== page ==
There were more failed drug tests at the 2014 NFL Scouting Combine than any in recent memory, and one of the headliners of that group was Florida State defensive tackle Timmy Jernigan. Viewed by many as an early-to-mid round first round pick, Jernigan suffered a precipitous slide, all the way to the 48th overall pick in the second round, where the Baltimore Ravens snatched him up.
This is just one of many on the list, including Tennessee Titans quarterback Zach Mettenberger, who had a diluted urine sample at the event, thus failing the test. University of Miami tackle Seantrel Henderson was another, and he had a pre-draft visit with the Pittsburgh Steelers last year. Were they open to drafting him, or simply doing their due diligence to get his side of the story?
This year there exists a first round talent, a top-10 talent in the eyes of some, who has chosen to go down that very same path. University of Nebraska defensive end, Randy Gregory. His failed drug test at the 2015 NFL Scouting Combine after testing positive for marijuana, thus clouding a once-very promising draft slot which likely had him being off the board within the first 5-10 picks.
“I don’t wake up every day saying, I’d really love to go smoke,” he said, according to NFL Media reporter, Kimberly Jones. “It’s not a struggle for me every day, it really isn’t. In the past, hell yeah, it’s been a struggle. It really has been. Now, I’m focused on my dream.”
However, that so-called dream of his, he has managed to somehow manipulate into a nightmarish occurrence which could likely see him suffer a “landslide” come draft day next Thursday. One has got to wonder, how on Earth a prospect with so much at stake would gamble on losing out on millions of dollars when they knowingly engage in a banned substance and KNOW a drug test is forthcoming.
Gregory will pay the price when it comes to the monetary value of his contract, if he falls as far as some speculate. Jernigan signed a four-year, $4.382 million deal with the Ravens after his slide to the second round. I saw a lot of mocks, prior to Gregory’s positive test which had him going to the Redskins at 5, or even earlier to the Jaguars at 3.
Now, his drug test isn’t entirely 100 percent to blame if he suffers a fall, as his weight fluctuation has often been a subject as well. So we’ll say the Redskins would’ve taken him with the 5th pick. His contract would be likely very similar to the 5th pick in last year’s draft, which the Raiders used to select Khalil Mack. His deal was for four-years/$18,677,002. Now, I’m no mathematician but that’s roughly a difference of about $14 million. That’s a lot of money, folks.
NFL Network draft analyst, Mike Mayock, certainly feels Gregory has the talent to warrant a high first-round selection, as he has him ranked as the draft’s second-best edge rusher, only to Florida’s Dante Fowler, Jr. But his off-field troubles, in his eyes, will cost him come April 30.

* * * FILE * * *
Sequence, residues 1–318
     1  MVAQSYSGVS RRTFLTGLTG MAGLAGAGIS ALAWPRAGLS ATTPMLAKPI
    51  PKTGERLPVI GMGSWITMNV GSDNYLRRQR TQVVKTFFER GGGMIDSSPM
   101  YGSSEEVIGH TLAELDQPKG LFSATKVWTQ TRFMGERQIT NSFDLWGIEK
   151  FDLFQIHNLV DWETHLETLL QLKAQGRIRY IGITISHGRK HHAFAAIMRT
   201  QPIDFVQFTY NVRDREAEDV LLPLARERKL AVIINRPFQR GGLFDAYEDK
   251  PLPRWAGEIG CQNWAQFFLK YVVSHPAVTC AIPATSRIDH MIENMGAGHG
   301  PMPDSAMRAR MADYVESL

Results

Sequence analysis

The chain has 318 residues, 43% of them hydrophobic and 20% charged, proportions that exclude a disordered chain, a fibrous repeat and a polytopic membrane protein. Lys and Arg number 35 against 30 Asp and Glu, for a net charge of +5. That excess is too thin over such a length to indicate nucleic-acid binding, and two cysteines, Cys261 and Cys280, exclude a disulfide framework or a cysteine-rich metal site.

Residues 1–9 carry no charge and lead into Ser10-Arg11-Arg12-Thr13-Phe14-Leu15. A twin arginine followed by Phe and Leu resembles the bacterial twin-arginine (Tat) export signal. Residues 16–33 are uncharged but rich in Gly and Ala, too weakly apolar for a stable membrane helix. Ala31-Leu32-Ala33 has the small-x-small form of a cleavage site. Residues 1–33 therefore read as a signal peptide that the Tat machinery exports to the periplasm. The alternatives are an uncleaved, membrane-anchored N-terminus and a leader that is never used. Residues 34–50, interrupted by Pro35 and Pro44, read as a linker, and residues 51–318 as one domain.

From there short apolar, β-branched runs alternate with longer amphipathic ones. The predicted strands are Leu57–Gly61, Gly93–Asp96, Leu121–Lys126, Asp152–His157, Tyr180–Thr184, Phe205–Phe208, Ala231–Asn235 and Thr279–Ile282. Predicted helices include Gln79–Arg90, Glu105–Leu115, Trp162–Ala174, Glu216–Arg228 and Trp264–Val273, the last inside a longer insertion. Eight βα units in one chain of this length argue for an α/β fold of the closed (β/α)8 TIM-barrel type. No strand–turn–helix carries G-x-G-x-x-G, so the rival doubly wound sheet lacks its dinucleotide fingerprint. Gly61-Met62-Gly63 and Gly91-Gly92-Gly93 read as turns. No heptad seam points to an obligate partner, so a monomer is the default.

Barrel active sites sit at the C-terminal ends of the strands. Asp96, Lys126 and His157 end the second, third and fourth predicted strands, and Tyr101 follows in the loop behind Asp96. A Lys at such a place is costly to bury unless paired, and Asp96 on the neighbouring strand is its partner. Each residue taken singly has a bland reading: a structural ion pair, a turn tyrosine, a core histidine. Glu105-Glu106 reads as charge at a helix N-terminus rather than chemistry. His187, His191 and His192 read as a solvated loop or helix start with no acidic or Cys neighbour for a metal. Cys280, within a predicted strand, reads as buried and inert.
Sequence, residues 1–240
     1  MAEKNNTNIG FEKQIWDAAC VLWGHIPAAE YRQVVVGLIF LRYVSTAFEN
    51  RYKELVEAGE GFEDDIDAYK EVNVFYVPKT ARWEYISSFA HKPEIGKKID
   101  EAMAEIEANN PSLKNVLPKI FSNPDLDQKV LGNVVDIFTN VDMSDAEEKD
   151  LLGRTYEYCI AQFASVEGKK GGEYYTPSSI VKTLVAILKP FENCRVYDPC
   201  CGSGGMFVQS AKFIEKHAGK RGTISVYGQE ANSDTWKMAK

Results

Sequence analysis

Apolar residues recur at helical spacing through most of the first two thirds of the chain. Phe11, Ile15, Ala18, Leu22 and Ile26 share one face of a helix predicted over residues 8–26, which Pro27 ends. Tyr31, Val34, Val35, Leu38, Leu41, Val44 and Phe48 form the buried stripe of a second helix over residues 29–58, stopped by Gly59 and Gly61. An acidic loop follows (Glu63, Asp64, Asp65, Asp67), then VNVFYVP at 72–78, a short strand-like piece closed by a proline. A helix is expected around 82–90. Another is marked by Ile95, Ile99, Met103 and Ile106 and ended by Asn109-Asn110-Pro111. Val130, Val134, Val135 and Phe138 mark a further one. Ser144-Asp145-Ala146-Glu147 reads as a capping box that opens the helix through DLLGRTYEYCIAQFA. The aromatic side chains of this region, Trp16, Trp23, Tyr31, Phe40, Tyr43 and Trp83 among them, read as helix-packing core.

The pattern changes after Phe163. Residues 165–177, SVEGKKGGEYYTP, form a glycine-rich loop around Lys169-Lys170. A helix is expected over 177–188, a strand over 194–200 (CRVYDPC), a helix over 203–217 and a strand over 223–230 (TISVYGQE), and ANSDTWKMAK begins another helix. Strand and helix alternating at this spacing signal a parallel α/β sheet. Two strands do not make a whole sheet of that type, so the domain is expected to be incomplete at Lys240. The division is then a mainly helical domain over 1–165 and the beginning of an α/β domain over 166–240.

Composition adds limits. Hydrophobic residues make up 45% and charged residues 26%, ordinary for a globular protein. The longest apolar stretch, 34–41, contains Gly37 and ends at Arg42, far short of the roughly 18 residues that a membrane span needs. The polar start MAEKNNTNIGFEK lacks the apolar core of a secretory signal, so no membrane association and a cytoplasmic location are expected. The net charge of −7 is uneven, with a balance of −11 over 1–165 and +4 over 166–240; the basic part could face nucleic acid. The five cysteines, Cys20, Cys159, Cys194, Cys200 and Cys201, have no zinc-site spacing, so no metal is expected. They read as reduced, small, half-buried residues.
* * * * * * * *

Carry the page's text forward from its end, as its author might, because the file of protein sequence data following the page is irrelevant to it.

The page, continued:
Mayock feels that may be a good thing for a dark-horse team, perhaps like the Steelers, who have shown in the past they’re not gun-shy when it comes to pulling the trigger on a troubled prospect.
“He’s going to lose millions of dollars as he slides down everybody’s board,” Mayock told Fischer. “As such, I look at this as an opportunity to get an unreal talent later in the draft for less money. He’s going to be motivated with something to prove, especially if he can get in a locker room that’s solid with really good mentoring.”
With leaders on the defensive side of the ball like Cameron Heyward, Lawrence Timmons and weight room phenom, James Harrison, to take Gregory under his wing, they have the perfect situation in the locker room for Gregory to blossom. And those names are just on the defensive side of the ball. With strong personalities on offense as well, like Ben Roethlisberger and Antonio Brown, he could learn how to be a “pro’s pro.”
While recently showing up for a private workout for a team at sub-230 pounds, he would obviously be required to bulk up in Pittsburgh. I’m sure under the watch of Harrison that wouldn’t be a problem. Measuring 6-foot-5 and 235 pounds at the combine, he has the long frame to add another 20-30 pounds.
While some reports have surfaced as Gregory seeming “turned off” or “not interested” during official visits, his visit to Pittsburgh was anything but that, according to his Twitter, where he posted “Oh gawddddd” in reference to the six Lombardi Trophies he laid his eyes on. If available at 22, Kevin Colbert and company might entertain their entire 15 minutes on the clock weighing the pros and cons of nabbing him.
If the ’14 draft is a barometer, perhaps Mayock is right and Gregory will tumble. Even Ed Bouchette of the Pittsburgh-Post Gazette thinks Gregory will indeed be available and the team will select him at 22. But one things for sure, he knows how to get after the passer, and that’s something Pittsburgh sorely needs help with.
“I look at this kid as the ultimate boom or bust,” Mayock told Fischer. “Three years from now, he’s either going to be in the Pro Bowl or he’s going to be out of the league.”